Friday, October 29, 2010

Using Scala implicits to limit client's view on the domain model

This is common problem in the Java Enterprise applications: how do we limit client's view on the domain model? I mean, we use JPA Entity Beans to model our domain, then we use it within a transaction in the Service layer to do some stuff and then we want to provide the results to the Presentation layer where is no access to the transaction anymore. The problem is that actually we do not give access to the full domain model, but only to a limited part of it. So, generally speaking, you cannot get all employees of a department if there was no special measures taken about it in the Service layer (or any other layer beneath).

Wouldn't it be nice if compiler would perform such checks? To me it sounds crazy impossible, while certainly desirable feature and I still don't know how to implement it in Java. Commonly used DTO approach quickly leads to several DTOs per entity (like shallow and deep copies + all variations per related entities and their entities and so forth). Code quickly becomes verbose, clumsy and filled with plumbing. In the Java world there is no escape from this looser choice: either DTO rabbit farm or careful programming of the (Web?) GUI part.

I think I've found a way to let compiler solve this problem in Scala.

Let's start with our domain model:

class Person(val id:Long, val email:String,
protected[domain] var dep:Department = null,
protected[domain] var address:Address = null)
class Department(val code:String, val name:String)
class Address(val street:String)

As you can see, entity relationships are hidden from the code outside the domain package. To provide such access let's define following trait:

trait PersonDepartment {
implicit def toPersonDepartment(p:Person) = new {
def getDepartment = p.dep
def setDepartment(d:Department) = p.dep = d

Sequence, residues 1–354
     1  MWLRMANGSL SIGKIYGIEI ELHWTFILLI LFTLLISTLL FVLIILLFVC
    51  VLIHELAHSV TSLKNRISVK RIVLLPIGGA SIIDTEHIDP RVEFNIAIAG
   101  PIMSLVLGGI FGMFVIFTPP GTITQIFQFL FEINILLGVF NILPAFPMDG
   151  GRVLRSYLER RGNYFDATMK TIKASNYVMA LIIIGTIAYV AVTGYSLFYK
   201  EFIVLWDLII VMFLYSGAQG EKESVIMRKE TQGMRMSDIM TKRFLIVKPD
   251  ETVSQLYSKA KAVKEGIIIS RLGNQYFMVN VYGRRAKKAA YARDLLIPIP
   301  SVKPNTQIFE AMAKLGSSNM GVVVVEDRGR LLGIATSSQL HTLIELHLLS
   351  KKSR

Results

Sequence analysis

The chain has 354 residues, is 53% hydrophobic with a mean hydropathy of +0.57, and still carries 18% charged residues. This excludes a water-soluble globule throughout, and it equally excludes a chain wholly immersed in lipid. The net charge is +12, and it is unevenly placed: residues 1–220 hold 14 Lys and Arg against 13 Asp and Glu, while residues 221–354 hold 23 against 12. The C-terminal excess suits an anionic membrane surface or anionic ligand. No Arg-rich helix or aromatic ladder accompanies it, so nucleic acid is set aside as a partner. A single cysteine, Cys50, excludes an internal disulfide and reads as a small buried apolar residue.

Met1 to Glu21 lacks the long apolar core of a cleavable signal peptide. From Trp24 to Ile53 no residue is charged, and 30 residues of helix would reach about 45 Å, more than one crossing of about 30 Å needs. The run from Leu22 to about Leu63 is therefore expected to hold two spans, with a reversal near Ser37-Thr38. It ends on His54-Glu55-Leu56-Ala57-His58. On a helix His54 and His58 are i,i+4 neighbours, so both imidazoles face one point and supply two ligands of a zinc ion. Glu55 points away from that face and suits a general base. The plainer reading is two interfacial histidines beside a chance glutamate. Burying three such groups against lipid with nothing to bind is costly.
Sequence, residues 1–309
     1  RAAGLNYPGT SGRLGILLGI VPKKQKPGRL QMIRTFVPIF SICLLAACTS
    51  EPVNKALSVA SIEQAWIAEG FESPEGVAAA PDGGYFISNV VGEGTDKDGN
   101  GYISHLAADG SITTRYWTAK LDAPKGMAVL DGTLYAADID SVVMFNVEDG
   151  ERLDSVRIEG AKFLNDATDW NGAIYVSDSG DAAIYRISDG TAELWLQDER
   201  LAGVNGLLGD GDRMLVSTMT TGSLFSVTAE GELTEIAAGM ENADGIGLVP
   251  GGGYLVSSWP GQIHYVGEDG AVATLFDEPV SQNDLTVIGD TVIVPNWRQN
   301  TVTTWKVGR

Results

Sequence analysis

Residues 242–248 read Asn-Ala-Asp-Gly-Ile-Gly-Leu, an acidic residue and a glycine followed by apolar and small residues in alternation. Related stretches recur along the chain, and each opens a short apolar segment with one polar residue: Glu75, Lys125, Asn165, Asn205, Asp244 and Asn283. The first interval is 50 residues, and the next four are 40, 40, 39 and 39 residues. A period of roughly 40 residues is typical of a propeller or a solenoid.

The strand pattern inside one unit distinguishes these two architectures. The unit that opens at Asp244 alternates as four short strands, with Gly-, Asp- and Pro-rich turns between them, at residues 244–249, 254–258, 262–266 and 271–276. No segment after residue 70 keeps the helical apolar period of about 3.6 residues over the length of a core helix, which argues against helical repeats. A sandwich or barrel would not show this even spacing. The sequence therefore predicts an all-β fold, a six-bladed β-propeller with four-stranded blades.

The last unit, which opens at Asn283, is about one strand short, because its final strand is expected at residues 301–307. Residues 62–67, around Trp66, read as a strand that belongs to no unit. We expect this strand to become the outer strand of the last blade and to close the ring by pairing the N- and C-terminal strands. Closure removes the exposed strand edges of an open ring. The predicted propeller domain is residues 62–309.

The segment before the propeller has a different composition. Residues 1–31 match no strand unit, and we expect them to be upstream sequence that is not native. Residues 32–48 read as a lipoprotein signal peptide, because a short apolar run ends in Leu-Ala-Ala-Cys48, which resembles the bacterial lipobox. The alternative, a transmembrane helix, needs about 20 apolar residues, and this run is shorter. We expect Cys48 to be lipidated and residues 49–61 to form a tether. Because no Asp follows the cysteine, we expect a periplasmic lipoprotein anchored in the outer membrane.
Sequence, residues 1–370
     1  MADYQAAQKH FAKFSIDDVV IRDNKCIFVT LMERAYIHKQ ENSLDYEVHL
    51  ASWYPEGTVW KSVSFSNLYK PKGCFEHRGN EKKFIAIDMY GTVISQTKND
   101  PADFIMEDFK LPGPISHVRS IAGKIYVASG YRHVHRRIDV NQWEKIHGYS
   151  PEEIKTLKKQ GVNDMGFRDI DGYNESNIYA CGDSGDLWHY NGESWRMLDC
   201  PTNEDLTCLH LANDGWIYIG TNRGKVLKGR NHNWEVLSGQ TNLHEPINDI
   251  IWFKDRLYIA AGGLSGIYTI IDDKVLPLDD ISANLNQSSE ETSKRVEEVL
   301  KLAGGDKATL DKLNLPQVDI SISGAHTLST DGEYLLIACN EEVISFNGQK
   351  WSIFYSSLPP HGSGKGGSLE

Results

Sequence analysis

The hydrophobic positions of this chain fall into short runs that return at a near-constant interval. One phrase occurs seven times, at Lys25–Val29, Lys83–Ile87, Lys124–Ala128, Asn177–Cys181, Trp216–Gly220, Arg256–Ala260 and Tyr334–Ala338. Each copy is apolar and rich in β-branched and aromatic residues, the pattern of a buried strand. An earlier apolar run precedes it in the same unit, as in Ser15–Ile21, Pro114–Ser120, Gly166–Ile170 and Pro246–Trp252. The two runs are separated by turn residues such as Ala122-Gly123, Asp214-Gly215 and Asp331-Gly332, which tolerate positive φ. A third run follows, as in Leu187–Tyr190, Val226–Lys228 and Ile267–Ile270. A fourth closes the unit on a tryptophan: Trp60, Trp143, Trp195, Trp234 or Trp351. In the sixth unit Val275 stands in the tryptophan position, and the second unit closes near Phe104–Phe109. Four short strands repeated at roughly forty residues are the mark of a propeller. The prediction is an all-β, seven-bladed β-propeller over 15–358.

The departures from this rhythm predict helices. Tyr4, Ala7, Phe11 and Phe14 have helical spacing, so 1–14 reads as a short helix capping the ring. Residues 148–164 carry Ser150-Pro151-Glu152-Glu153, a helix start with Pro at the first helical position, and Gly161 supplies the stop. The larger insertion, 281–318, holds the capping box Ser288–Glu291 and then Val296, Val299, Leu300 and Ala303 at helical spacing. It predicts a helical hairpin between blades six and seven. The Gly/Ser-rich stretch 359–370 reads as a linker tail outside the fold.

The code for PersonAddress trait is essentially the same, so I omit it here. And now is the tricky part: how do we import this implicit? Scala doesn't allow to import members of traits, only members of object (and packages, ok). Well, how about this code (like Service layer function):

def doThis = {
val p = new Person(1, "bb")
val dataView = new PersonDepartment {}
import dataView._
p.setDepartment(new Department("aa", "Whatever"))

It compiles! There is just one step left: provide the client with our dataView object:

(p, dataView)

We return our Person object together with an object who's implicits provide access to protected members of the domain object. The client code will look like this:

val (p, dataView) = doThis
import dataView._
val dep = p.getDepartment

And it compiles as well! But this one doesn't:

val a = p.getAddress

So, type checking works, compiler does here exactly what we want. Just for fun, let's mixin PersonAddress in the dataView in our function:

def doThis = {
val dataView = new PersonDepartment with PersonAddress {}

And our p.getAddress on the client side compiles now! Notice that we didn't changed the client code, only the function in the Service layer and still we can get compilation error if the client tries to access parts of the domain model we do not want him to. So, we found a way to manange the client's view of our domain model and we can do it from the Service layer. We can write another function and define there another subset of relationships and tell our client about limitations in type-safe way. All this will be enforced then by Scala compiler. Traits don't have to provide access to the same entity class by the way. Like we can define DepartmentPerson trait and mix it in the dataView together with PersonAddress, all in the same object, there are no obstacles for that from the type system.

This approach can also be used to provide deep-enough copies of our domain objects that will automatically be limited to the selected relationships. I think that relflection will be needed anyway and it rises another questions, but it's possible to write such code.

Hope you enjoyed it and

May the sources be with you! :)

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